DWM3000 utilize additional UWB channels

Hello everyone,

It is specified that the DWM3000 module only supports channels 5 and 9. However, our application requires additional channels. Is it theoretically possible to use this module with another channel by tweaking the source code? Is the hardware capable? We are aware that e.g. the module’s antenna supports a broader range of frequencies. It is important to note that we do not need compliance to a certain standard.


No. The DW3000 chip used in the DWM3000 only supports those channels.
The DW1000 and modules based on it support more channels but not channel 9.

Thank you for your fast response.
It is a little bit counterintuitive to us that the newer module supports fewer frequencies than its predecessor. Given that we want to test non-standard compliment applications, are you sure that the DWM3000’s hardware is not theoretically capable to support other frequencies, even though it has a similar size than the DWM1000 ?

As AndyA mentioned, the DW3000 family supports channel 5, which was supported on DW1000, and adds support for channel 9, which is the most permissible from a regulatory standpoint. Furthermore, channel 5 and 9 are the only 2 channels which are used by FiRa.

DW1000 is still available if you need support for the lower frequency channels.

Hi there,

@AndyA @akash I believe me12 is looking for a solution that is NOT compliant to any standardizations (except for FCC probably). Basically, yielding the same signal characteristics as for the DWM1001C module, but for the DWM3001C. Is that correct?

So the questions become:

  1. Is there a way to use identical transceiver configs for both modules regardless of regulatory constraints?

  2. If NOT, the question is whether the hardware would be capable of it, but the software does not allow these configurations as of yet. Might this be planned in the future (kind of a “developer mode” if you will)?

Thanks for all the contributions and I am curious to see the outcome of this discussion.

There are a large number of configuration registers in the DW3000. A number of these are described as being related to PLLs and frequency synthesisers. The user manual simply states that for certain channels these should be set to certain values.

So yes, you could put other values in there and it would either a) generate a different frequency output, b) not work at all, or c) explode like a leftover special effect from the oppenheimer movie. OK, C is probably not going to happen but you could cause some damage to the part.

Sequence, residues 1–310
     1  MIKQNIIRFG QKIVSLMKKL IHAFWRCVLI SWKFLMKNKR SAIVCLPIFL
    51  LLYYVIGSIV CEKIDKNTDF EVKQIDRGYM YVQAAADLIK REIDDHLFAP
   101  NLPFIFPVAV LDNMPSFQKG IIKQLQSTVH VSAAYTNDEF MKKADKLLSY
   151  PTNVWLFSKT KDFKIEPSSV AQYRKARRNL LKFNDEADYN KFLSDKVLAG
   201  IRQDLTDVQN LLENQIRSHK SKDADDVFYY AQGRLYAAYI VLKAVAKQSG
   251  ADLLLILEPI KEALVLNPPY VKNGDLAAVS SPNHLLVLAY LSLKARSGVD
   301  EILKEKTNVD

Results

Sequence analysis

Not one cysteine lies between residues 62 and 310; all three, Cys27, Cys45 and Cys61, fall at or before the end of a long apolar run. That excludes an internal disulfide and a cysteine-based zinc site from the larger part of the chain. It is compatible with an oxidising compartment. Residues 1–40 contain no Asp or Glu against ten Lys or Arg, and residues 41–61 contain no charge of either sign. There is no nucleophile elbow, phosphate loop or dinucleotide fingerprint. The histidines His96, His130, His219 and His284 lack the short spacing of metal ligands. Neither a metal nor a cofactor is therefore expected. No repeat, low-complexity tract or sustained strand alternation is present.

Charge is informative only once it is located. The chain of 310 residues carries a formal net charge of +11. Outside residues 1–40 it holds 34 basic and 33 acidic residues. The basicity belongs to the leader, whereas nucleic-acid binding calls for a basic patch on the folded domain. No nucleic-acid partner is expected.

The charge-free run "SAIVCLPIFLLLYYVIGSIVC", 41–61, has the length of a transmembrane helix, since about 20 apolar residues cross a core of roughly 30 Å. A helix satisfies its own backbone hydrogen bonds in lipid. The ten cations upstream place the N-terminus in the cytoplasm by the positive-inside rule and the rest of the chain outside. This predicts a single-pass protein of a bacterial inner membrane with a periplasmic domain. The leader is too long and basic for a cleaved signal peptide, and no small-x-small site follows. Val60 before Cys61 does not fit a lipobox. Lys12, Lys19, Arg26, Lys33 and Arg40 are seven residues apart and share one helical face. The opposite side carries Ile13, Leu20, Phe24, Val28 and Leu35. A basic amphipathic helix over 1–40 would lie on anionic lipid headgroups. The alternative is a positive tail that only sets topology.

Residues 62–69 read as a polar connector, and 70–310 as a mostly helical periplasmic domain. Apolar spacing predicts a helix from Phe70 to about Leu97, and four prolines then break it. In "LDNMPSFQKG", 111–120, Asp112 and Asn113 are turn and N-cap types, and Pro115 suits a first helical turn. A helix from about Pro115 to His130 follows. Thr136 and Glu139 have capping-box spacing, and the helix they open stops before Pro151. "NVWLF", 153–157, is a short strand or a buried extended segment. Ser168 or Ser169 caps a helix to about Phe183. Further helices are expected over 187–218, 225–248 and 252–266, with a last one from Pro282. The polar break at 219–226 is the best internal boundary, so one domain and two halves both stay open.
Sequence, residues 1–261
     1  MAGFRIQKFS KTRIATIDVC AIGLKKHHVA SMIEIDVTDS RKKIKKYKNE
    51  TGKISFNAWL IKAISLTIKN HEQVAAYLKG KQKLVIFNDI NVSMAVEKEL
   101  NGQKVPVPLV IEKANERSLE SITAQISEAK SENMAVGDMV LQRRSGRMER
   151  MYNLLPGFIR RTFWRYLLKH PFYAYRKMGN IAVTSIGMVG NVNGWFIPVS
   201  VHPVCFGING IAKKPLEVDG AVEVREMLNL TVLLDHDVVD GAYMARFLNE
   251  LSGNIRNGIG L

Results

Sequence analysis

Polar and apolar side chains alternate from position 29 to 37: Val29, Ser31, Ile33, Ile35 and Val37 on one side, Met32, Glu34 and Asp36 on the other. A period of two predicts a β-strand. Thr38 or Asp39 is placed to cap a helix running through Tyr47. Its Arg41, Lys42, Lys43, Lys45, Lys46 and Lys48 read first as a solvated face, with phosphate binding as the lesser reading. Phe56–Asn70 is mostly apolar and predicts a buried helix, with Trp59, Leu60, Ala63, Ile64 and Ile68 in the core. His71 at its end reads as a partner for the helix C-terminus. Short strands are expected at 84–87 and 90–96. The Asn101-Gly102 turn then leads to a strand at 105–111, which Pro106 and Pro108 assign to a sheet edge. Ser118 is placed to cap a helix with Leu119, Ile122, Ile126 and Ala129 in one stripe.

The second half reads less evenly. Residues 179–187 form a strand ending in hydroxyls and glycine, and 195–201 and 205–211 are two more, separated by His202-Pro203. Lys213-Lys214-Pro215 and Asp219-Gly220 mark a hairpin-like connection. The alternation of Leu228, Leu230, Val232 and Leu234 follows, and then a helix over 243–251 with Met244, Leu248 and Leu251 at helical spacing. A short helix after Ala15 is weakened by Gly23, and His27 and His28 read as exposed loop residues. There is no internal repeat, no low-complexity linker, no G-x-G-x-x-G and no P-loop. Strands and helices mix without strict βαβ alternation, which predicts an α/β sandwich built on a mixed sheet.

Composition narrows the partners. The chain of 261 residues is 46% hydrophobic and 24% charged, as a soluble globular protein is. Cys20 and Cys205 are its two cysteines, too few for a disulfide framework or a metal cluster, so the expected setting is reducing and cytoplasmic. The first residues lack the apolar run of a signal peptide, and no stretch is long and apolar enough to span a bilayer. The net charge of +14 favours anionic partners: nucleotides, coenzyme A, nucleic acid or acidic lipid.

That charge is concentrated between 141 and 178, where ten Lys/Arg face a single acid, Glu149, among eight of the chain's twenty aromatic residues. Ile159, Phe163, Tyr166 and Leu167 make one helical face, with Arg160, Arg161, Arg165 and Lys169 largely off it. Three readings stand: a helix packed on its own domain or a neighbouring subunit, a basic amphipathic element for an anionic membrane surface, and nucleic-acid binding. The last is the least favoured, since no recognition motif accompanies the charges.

However which registers to change and how to change them would be a case of random guesswork and trial and error. There is no documentation as to what these registers do or even whether they represent a single 32 bit value, 32 1 bit flags or some mix in between. Plus if you dig into the driver source code released before it became closed the drivers are modifying registers that aren’t even listed in the user manual.

@AndyA @dneuhold Thanks for your responses.
I have two questions remaining:

1.) According to your answer, we can conclude that the hardware of the DWM3000 is capable to support additional frequencies and it is only a software issue.
@AndyA can you confirm that?

2.) Are there plans to update the source code of the DWM3000 to allow for the same config options of the DWM1000 in the future?
@AndyA are you aware of any update plans?

Yes the chip is almost certainly capable of generating additional frequencies close to the supported ones.
No this does not mean that it’s “only a software issue” to get other completely different frequency bands.

You may be able to shift frequencies by a few hundred MHz and get a non-standard frequency but not by GHz. All of the internal RF circuits and and configuration options will have the built in assumptions that it will only be running at certain frequencies. The further you get away from these frequencies the less reliable they will become.
The DW3000 was never designed to run at frequencies below 6 GHz, just as the DW1000 was never designed to operate up at channel 9 frequencies. Even if there was some combination of register options that in theory moved the frequencies that far off the intended values I wouldn’t expect the part to work.


Can’t find the old source code and register definitions, but would be interesting to look at it. Could you PM it to me?

I’m also looking into things the official SDK might not allow. For example looks like it can only communicate with one other device. But for some applications it might be useful, if for example multiple iPhones could range to a single device (beacon mode for a meeting point or something). Looks like with the SDK, I can only setup one connection at a time with the accessory config data. But with the hardware it might be possible to have multiple connections, like with BLE in a round-robin timeslot style. I think FiRa describes this, too.

The underlying hardware and driver don’t have the concept of a connection, only packets sent or received. Any limitation in the number of simultaneous connections will be from higher layers of software/firmware.

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